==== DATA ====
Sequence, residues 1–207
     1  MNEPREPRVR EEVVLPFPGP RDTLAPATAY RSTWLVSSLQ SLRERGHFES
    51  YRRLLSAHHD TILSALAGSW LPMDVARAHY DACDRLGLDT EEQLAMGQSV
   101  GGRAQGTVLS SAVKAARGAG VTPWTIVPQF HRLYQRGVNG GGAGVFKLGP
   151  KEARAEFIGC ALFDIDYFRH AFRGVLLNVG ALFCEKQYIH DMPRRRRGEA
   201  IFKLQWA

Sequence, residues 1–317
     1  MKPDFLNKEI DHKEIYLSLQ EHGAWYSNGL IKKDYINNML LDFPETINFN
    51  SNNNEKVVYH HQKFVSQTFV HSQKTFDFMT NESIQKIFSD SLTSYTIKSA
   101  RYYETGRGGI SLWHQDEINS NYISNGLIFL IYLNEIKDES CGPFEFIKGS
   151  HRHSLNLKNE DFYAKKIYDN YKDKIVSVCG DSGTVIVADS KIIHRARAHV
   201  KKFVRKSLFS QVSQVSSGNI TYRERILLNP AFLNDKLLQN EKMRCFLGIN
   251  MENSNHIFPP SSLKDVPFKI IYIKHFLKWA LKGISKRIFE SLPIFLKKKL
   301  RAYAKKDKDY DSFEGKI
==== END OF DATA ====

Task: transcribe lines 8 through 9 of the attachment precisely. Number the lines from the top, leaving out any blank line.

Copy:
     1  MKPDFLNKEI DHKEIYLSLQ EHGAWYSNGL IKKDYINNML LDFPETINFN
    51  SNNNEKVVYH HQKFVSQTFV HSQKTFDFMT NESIQKIFSD SLTSYTIKSA